By Kathleen G. Sabado
Every now and then, we see these men wearing yellow hard hats and traffic vest matched with yellow or white shirt and denim pants along the carriageway doing sorts of things. They are the gallant men of the Incident Response Team (IRT) who laboriously clean road crash debris, manage oil spills, set-up heavy lane closures for subcontractors doing road repair, organize counterflow set-up, assist in clearing operations during force majeure, and install temporary signage.
Here at Sector 3, there are three teams of IRT. They are commonly referred to as “Lima One”, for the response team attending to incidents at SFEX to Porac area, “Lima Three” for the team at Porac to Tarlac area, and “Lima Two” for the team in charge of safety and repair of damaged roadway furniture.
After my 7-year stay here in NLEX, I just learned why they are called ‘LIMA’. It is because of the call sign for the ‘Leadman’. Each team is composed of a Leadman/team leader, an operator who is also the driver of the intervention vehicle, and a rigger who is the helper during cleaning and lifting tasks and conducts inventory of their equipment such as the traffic cones and beacon lights.
From the time of dispatch, they make an effort to be there the soonest possible time as they are required to arrive within at least 14 minutes to the site to alleviate the traffic situation and clear road blockages. Note that the longer it takes for them to arrive, the longer the traffic queue will be, and more motorist complaints will arise. Nonetheless, they are there whenever and wherever they are needed, day or night, rain or shine.
In a recent interview with Mr. Kelvin Arca, Roadway Supervisor of Sector 3, he relates that the most memorable incidents responded to by his men are road crash incidents with causalities or fatalities. They also share their experiences during natural disasters, the most recent of which was during Typhoon ‘Paeng’ when they were tasked to recover and secure the fallen traffic tower of the Tarlac Barrier and the fishbone toll booths that were damaged and blown away by the strong winds. Despite being cold and dripping wet, they still completed their task.
With passion to serve motorists, they render more than their 12-hour duty whenever the outgoing team could not disengage from the incident site and wait for site turnover with the incoming team. There are also uneventful days when they could take it easy while waiting for their next dispatch.
To join the IRT, one must possess Filipino values like “pagiging masipag, masunurin, maabilidad, madiskarte, at mapagkumbaba. He quips that “kahit anong galing ng isang tao kung mayabang naman, walang mapupuntahan sa karera” (“No matter how good you are, if you are arrogant, you won’t succeed in your career.”)
Speaking of exemplary, Mr. Arca commends the following personnel for their exemplary performance of duty:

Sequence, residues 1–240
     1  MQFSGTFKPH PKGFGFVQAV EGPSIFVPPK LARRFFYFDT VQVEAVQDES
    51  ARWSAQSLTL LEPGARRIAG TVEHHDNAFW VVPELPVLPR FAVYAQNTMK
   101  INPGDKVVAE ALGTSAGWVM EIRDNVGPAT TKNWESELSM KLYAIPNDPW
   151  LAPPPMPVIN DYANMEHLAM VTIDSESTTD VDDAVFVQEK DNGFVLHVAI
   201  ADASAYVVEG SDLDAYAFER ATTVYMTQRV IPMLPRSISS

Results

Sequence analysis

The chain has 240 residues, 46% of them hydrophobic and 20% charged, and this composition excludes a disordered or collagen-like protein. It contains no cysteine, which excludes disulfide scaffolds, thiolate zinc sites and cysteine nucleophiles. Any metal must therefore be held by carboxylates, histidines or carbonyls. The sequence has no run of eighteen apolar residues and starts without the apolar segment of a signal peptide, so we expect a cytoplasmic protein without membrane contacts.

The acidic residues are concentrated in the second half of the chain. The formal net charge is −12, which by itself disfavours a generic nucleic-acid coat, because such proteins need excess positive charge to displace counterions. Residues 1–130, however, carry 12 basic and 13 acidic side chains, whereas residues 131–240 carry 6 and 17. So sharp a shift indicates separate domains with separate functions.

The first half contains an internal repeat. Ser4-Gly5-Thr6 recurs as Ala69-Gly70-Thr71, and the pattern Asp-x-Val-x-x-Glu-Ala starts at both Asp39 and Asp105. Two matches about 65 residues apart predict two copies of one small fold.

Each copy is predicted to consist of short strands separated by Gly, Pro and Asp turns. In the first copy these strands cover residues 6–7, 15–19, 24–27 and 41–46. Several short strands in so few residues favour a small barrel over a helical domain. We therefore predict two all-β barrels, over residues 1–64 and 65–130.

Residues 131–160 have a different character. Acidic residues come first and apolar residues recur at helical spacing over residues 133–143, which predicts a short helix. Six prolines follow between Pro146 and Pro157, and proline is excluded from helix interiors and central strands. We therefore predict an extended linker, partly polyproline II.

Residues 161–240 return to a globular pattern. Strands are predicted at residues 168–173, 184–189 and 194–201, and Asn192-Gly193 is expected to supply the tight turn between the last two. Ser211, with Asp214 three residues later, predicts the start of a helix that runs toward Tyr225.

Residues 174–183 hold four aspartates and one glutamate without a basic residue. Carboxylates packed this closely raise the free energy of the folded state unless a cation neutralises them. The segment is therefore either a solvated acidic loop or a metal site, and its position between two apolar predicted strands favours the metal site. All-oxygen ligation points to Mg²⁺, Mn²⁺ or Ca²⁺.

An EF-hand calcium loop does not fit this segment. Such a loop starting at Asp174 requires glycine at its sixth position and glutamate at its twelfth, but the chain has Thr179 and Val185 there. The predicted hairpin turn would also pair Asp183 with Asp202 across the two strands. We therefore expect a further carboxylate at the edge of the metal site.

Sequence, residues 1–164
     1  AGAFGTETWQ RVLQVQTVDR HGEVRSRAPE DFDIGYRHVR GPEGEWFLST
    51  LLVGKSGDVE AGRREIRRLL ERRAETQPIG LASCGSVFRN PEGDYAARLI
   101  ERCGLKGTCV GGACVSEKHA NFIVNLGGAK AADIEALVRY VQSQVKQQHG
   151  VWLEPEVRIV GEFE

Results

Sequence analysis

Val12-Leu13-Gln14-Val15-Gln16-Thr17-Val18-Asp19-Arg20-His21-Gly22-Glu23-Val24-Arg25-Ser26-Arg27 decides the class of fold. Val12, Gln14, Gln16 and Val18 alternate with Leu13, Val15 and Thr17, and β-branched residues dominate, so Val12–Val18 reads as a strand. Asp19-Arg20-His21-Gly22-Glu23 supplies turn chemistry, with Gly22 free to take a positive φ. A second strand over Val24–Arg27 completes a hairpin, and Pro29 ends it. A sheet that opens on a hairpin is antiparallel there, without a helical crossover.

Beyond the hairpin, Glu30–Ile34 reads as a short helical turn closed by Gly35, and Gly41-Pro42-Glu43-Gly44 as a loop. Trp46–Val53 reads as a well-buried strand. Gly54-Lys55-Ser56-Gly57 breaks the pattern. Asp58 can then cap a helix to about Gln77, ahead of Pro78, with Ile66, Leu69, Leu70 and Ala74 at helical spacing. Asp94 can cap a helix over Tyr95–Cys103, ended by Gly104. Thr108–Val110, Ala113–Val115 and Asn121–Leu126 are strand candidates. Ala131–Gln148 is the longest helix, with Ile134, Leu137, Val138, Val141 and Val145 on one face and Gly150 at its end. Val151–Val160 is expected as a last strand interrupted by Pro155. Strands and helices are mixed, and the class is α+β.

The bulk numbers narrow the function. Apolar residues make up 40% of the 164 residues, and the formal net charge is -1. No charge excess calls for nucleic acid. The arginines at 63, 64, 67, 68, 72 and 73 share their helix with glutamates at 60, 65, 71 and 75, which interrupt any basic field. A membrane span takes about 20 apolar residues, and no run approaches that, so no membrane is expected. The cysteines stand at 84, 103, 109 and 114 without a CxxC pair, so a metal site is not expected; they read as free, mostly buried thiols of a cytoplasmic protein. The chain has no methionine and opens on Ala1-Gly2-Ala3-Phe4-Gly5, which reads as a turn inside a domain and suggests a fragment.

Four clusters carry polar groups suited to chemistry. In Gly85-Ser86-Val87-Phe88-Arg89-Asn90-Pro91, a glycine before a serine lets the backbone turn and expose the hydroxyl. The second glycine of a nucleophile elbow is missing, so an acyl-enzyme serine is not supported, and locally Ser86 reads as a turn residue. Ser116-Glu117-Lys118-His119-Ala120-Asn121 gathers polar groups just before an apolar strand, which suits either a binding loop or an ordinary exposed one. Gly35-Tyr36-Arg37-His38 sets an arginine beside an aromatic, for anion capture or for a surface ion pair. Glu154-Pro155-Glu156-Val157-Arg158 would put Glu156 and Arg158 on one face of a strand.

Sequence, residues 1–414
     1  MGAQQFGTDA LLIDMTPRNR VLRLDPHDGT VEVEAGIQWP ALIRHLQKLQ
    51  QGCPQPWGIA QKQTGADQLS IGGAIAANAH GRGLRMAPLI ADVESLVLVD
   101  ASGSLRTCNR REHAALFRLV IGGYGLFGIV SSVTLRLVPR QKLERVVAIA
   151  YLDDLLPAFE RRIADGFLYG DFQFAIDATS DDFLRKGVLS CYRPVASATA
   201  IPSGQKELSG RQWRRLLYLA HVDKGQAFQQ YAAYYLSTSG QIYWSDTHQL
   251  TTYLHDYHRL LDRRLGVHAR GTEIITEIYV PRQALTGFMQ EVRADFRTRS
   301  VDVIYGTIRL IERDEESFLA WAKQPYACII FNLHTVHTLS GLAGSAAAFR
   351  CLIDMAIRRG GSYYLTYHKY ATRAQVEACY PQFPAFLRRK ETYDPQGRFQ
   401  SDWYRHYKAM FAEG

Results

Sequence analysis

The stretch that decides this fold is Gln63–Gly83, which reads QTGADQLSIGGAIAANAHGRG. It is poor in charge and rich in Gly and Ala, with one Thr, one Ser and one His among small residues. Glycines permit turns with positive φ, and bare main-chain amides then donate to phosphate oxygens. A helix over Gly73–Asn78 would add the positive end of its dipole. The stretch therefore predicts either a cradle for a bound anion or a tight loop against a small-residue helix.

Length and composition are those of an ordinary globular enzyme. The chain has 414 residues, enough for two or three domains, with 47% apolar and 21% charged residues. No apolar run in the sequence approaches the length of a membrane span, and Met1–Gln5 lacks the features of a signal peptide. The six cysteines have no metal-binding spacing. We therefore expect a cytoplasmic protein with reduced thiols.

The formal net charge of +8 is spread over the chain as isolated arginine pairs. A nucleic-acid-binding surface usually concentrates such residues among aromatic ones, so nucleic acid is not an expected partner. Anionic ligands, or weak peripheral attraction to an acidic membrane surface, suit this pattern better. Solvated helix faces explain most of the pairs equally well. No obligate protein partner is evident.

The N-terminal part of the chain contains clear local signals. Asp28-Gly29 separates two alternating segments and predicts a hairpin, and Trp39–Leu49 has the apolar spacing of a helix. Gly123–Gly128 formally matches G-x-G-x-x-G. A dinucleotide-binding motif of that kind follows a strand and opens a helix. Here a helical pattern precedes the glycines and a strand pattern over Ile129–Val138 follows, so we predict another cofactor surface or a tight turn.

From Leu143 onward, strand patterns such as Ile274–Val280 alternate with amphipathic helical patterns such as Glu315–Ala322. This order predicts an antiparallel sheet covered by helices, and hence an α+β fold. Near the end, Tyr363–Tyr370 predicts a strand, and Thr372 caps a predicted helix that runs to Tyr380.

- Leadman Ariel Lucas, he is obedient and knows all aspects of their operations. He is considered a ‘jack of all trades’;
- Leadman Dave Miranda, he is like Leadman Lucas, only younger;
- Operator Noel Gabriel can be a leadman anytime soon;
- Operator Jonathan Magpayo works with initiative. He is pro-active and is dependable like Optr. Gabriel;
- Rigger Raymond Olguir can easily understand instructions and carries them out eagerly;
- Rigger Randy Corpin is very prudent and organized with equipment handling and inventory; and
- Water Truck operator Benjamin Fortuna and crew Ricky Gantan are also laudable for their earnest and timely response to grass fires, with Sector 3 having a lot of incidents.
Mr. Arca adds that he values the opinions of his teammates, and he is always open for discussion on how to improve their operations. “Mahusay, maagap, maasahan, tapat sa tungkulin, magalang, matiisin, at mapagpasensya are other qualities he looks for in aspiring team members. He is proud to note that his men are well-trained and TESDA-certified, and needs more men to fill manpower requirements. Of course, we are not getting younger, the old will be replaced by the new but the new must be more than just qualified. He strongly believes that they must live up to Savvice’s motto, “Excellence beyond measure.”
***Mr. Kelvin Arca is a graduate of Civil Engineering (2015) from Angeles University, and is also a Construction Occupational Safety and Health (COSH) certified Safety Officer. He has been working with a construction firm before joining SAVVICE, where he currently works for two years now.
Kathleen G. Sabado, Traffic Operations. Khate has been with the company since 2015. She started out as a lady Patrol Crew and has been awarded for her meritorious performance by TMC/NLEX Corp. and LTO. In 2018, she joined the Traffic Investigation Section and has been recognized as the only female traffic investigator in the tollways industry by TRB.